John Irving (1942 – )
John Winslow Irving (born March 2, 1942) is an American novelist and Academy Award-winning screenwriter (for The Cider House Rules, based on his novel of the same name).
John Irving was born John Wallace Blunt, Jr in Exeter, New Hampshire, in unusual circumstances that have since fueled the plots and themes of several of his novels: his mother Helen, a descendant of the Winslows, one of New England's oldest and most distinguished families, divorced Irving's biological father when he was two years old. The family maintained a strict silence regarding his natural father. Helen Winslow later married Colin F.N. Irving, a teacher at the prestigious Phillips Exeter Academy when Irving was six years old. John Wallace Blunt, Jr became John Winslow Irving, taking his adoptive father's name. Until the mid 2000s, he never sought the identity of his biological father- "I already have a father," he said. In 2001 he discovered he had a half brother from his biological father's second marriage.
Irving attended Exeter, where he was a mediocre student due to then-undiagnosed dyslexia, but was an outstanding wrestler. The trials of pre-sexual revolution single-motherhood, wrestling, and New England academic life feature prominently in Irving's novels, particularly A Prayer For Owen Meany. The primary settings for both novels are based on Phillips Exeter Academy.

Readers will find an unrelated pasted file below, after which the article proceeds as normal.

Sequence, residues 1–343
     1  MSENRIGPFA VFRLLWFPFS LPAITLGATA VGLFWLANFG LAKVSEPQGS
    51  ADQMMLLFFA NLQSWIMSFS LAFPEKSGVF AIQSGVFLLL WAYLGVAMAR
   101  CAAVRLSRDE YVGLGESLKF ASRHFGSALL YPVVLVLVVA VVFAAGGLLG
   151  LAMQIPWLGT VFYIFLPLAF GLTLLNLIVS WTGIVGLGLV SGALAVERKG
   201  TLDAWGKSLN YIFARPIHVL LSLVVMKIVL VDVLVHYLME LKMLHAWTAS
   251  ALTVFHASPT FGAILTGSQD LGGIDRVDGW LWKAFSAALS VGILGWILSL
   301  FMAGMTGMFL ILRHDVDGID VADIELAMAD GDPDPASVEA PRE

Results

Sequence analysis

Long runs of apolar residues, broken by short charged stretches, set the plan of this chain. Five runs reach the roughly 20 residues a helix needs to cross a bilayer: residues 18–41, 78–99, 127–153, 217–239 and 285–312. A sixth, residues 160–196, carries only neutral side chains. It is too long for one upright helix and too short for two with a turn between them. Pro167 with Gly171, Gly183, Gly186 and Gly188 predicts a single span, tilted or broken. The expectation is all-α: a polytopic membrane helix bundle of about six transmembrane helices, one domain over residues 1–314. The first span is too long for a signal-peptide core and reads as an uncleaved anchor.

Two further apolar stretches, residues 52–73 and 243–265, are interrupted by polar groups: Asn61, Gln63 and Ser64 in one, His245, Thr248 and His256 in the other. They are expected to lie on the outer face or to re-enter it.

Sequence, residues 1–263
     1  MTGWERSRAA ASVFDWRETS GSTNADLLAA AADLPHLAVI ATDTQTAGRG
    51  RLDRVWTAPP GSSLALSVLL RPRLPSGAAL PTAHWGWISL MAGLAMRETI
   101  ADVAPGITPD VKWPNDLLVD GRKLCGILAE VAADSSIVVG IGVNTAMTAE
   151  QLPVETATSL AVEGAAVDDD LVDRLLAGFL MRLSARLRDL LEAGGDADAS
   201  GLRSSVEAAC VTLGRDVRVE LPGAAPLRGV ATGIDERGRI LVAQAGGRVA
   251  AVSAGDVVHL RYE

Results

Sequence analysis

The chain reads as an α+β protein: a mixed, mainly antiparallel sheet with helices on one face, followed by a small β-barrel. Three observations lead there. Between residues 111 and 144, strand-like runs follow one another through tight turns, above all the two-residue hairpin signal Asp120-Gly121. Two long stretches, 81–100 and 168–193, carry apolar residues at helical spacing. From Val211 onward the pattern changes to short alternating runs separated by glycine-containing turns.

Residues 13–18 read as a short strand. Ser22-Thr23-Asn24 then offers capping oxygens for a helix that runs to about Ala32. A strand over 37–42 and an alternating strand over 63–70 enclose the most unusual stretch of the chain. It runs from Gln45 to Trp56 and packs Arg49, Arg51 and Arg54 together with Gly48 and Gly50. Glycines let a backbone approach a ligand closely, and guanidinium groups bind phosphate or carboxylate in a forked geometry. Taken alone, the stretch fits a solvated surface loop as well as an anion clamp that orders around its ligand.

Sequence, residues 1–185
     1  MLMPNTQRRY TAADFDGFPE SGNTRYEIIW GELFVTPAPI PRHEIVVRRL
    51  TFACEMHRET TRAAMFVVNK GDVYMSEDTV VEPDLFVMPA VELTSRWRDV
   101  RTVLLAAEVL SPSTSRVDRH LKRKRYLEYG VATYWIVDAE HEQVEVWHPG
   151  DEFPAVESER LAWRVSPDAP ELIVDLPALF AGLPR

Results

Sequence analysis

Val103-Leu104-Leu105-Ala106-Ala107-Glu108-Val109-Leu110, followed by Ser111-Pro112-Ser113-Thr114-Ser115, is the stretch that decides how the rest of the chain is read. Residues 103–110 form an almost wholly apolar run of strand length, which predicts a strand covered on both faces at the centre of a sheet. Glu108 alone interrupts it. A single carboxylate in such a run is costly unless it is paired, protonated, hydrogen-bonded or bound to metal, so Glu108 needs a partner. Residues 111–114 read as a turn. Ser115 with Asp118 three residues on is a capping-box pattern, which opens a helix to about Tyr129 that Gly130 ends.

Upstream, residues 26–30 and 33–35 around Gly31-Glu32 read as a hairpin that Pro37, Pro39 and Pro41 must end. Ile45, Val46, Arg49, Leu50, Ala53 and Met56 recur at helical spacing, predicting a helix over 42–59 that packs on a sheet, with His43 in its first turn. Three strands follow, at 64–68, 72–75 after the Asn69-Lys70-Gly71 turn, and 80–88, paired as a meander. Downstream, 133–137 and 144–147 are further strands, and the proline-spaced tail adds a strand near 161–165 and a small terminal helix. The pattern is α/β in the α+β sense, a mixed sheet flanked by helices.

Irving was sexually abused at age 11 by an older woman. This event inspired his 2005 novel Until I Find You.
While a student at Exeter, Irving was mentored by famed Presbyterian theologian and novelist Frederick Buechner and writing teacher George Bennett, who later helped Irving gain admission to the Iowa Writer's Workshop, America's most elite graduate writing program, then the only one of its kind. Irving briefly studied at the University of Pittsburgh and eventually graduated from the University of New Hampshire. At Iowa, Irving studied alongside future award-winning novelists Gail Godwin, John Casey, and Donald Hendrie, Jr., among others. He was mentored there by Kurt Vonnegut, Jr.
While on foreign study in Vienna, Austria, Irving met his first wife, Shyla Leary, an art student. They married after Shyla became unexpectedly pregnant, and eventually had two sons before divorcing in the mid-1980s. Irving subsequently wed his agent, Janet Turnbull, with whom he has a third son.
Irving's career began at the age of 26 with the publication of his first novel, The 158-Pound Marriage, were similarly received. At around this time, in 1975, Irving accepted a position as Assistant Professor of English at Mount Holyoke College.
Frustrated at the lack of promotion his novels were garnering from his first publisher, Random House, Irving chose to offer his fourth novel, The Cider House Rules as a train station agent.
The importance of Garp
Garp transformed Irving from an obscure, academic literary writer to a household name, guaranteeing bestseller status for all of his subsequent books. He followed "Garp" with The Hotel New Hampshire (1981), which was poorly received by critics but sold well and, like Garp, was quickly made into a film, this time directed by Tony Richardson and starring Jodie Foster, Rob Lowe, and Beau Bridges.